If you declare the object's record pointer as the same type as the autorelease pool's record type, you'll create a tight coupling between objects and memory management, which is undesirable. Instead, you can apply the bridge pattern (aka the Handle-Body idiom in C++ circles): have a abstract memory management strategy class that ties together a family of abstract memory management types (including a type for memory management records and for memory pools), with the object's record pointer of the abstract record type. The strategy would include a stack of AR pools. You could then define concrete autorelease pool and record types for whichever strategies you want. You'd have a static pointer to a memory management strategy, which the basic memory management functions (retain(), release(), autorelease() and pool() (to push a new AR pool)) would reference.

  • Note: in a doubly-linked list, removing an element is O(1), it's the finding of the element to be removed that's O(n). However, if you can somehow figure that out via other means (e.g. because of the way your algorithm is structured, you already have a reference to the element at that point), then removal is very efficient. That's why insertion-ordered maps have no asymptotic overhead compared to unordered maps: yes, you need a list to keep track of insertion order, but you never need to search in that list, because you can look the keys up in the map. Commented Nov 2, 2014 at 11:46
  • There’s usually just two operations: Retain an item and add it to the list (may happen multiple times), and release all items in the list and destroy the list.
    – gnasher729
    Commented Mar 3, 2020 at 9:12

The usual way is to retain for the calling code, To make it consistent you should do it for all objects that you return.

//popFromQueue will remove from the queue and pass the buck to the calling code
Foo* pop(FooQueue* q){
    Node* foo = q.head;
    q->head = foo->next;
    foo->next=null;//make sure new head isn't released; could have also retain the new head instead
    Foo retValue = retain(foo->value);
    release(foo);//will release next and value
    return retValue; //passes our ownership to calling code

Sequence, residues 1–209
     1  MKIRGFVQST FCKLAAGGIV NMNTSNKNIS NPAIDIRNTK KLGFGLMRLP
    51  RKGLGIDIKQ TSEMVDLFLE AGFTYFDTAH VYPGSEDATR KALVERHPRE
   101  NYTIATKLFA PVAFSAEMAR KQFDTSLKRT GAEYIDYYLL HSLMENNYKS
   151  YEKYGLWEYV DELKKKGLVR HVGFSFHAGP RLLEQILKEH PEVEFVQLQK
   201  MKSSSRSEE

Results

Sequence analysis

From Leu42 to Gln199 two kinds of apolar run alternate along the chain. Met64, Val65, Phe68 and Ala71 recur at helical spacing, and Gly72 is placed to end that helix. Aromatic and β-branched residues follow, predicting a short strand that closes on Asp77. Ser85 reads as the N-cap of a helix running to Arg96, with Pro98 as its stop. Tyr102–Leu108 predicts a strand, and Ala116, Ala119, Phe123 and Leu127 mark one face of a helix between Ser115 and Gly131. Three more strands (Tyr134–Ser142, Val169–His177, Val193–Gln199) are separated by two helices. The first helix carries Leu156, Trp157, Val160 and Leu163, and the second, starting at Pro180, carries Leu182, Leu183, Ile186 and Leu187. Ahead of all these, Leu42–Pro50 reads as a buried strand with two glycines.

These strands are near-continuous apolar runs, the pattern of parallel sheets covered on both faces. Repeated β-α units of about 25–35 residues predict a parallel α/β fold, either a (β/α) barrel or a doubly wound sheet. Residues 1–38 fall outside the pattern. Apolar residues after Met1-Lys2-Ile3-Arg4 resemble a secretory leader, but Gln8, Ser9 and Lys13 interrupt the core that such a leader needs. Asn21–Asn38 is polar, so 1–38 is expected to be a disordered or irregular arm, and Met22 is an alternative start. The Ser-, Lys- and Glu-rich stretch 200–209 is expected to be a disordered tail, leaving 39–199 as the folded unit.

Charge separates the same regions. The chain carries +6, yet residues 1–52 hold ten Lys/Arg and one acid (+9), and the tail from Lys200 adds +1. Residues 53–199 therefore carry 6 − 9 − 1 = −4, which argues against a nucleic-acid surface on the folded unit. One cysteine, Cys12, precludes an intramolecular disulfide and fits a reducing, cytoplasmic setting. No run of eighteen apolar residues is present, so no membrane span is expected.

// peekQueue will return the head value and give ownership to calling code
Foo* peek(FooQueue q){
    return retain(q->head->value);//add a retain and pass to calling code

For example when you create an object: Foo* foo = createFoo(); it already has been retained once to let the calling code get ownership.

This has the downside that all returned values need to be released and you need to ensure they have been retianed before returning them.

  • I see, it violates the rules of reference counting, but it does solve the problem.
    – IluTov
    Commented Nov 2, 2014 at 8:10
  • @NSAddict well unless you have actual RAII language support (where destruction happens after the copy to the callers variable) then that is a decent second choice Commented Nov 2, 2014 at 11:32

You reduce the impact of autorelease from two sides: From the implementation side, and from the use side.

From the use side, it is very efficient to create auto-release pools and close them down very quickly. You just shouldn’t have a loop that creates 1 million autoreleased objects before releasing them. Don’t do it. The biggest reason is that you may have a million objects wasting memory that could have been released.

On the implementation side there are plenty of tricks possible. One not mentioned is to use a different implementation for objects that may be autoreleased multiple time by using a hash table based on the object pointer, and not doing retain+add to pool if an instance is already in the autorelease pool.


The way that Objective C does is this pretty interesting, when you call autorelease(), that function examines the code at the calling site to see if the caller is calling retain().

If the caller is calling retain(), autorelease() doesn't have to change the reference count or add the object to the autorelease pool at all, it just needs to set a per-thread flag that retain() can check and make itself a no-op as well.

Your Answer

By clicking “Post Your Answer”, you agree to our terms of service and acknowledge you have read our privacy policy.

Not the answer you're looking for? Browse other questions tagged or ask your own question.